The new Start Tab Screen serves as your Command and Control Center offering instant suggestions on the valuation process, best practice method choices and techniques to organize and complete the business valuation projects in record time.

Our software engineers left no stone unturned

The updated implementation of the Multiple of Discretionary Earnings business valuation method offers real time assistance in risk factor assessment across 14 key financial and operational business performance areas.

The Discounted Cash Flow method supports both automatic and manual earnings forecast generation. The autocalculate feature enables rapid what-if scenario analysis.

Business valuation under the market approach is covered by the market data-driven Market Comps module which provides business value estimation across 420 industries.

ValuAdder features a standard implementation of the Treasury Method to determine the value of business goodwill.

The powerful financial recasting worksheets enable the systematic, highly accurate assessment of the business earning capacity and risk using the standard Build-Up and WACC cost of capital models.

The unique business appraisal system easy enough for the newcomer, powerful enough for the professional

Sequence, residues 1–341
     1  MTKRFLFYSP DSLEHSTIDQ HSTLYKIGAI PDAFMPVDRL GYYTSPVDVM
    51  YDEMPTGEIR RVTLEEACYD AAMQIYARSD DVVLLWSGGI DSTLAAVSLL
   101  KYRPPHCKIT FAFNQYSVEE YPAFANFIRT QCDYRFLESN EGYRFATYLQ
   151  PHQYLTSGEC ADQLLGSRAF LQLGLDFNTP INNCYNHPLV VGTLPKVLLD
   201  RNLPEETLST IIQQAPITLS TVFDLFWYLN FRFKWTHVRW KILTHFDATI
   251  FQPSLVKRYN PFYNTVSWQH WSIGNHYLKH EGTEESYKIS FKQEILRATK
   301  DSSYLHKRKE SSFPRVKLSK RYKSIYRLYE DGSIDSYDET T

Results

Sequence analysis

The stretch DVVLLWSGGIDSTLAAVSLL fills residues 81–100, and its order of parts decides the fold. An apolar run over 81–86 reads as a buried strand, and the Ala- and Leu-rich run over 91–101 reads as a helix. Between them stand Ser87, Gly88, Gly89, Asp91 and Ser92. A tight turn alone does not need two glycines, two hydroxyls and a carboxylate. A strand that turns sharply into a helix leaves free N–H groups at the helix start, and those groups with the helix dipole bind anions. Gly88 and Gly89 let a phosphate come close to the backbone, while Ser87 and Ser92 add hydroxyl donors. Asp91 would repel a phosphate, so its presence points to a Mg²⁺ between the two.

Both new users and professional business appraisers will benefit from the extensive Learning and Information Center and Handbook that are integrated in ValuAdder 5.

Along with the fundamentals of business appraisal, these resources offer Tutorials of business valuation methods, explanations and time-saving examples of how to value a business or professional practice.

Best of breed valuation tools is but one part of the ValuAdder experience. Personal help from ValuAdder business analysts or technology experts is just a mouse click or phone call away.

ValuAdder 5 Business Valuation Tools

If you need to get an objective estimate of business value, consider using the valuation multiples derived from the recent sales of similar businesses. There are a number of advantages:

  1. Business valuation with multiples is easy to understand and explain.
  2. In times of economic uncertainty, business people and professional appraisers carefully consider the market trends when valuing a business. Market value estimates using the valuation multiples are an excellent way to do so.
  3. If the business is to be bought or sold, market comparisons are a must to defend your asking or offer price.
  4. Market comps are also a great way to prove your point if your business valuation is challenged.

Types of valuation multiples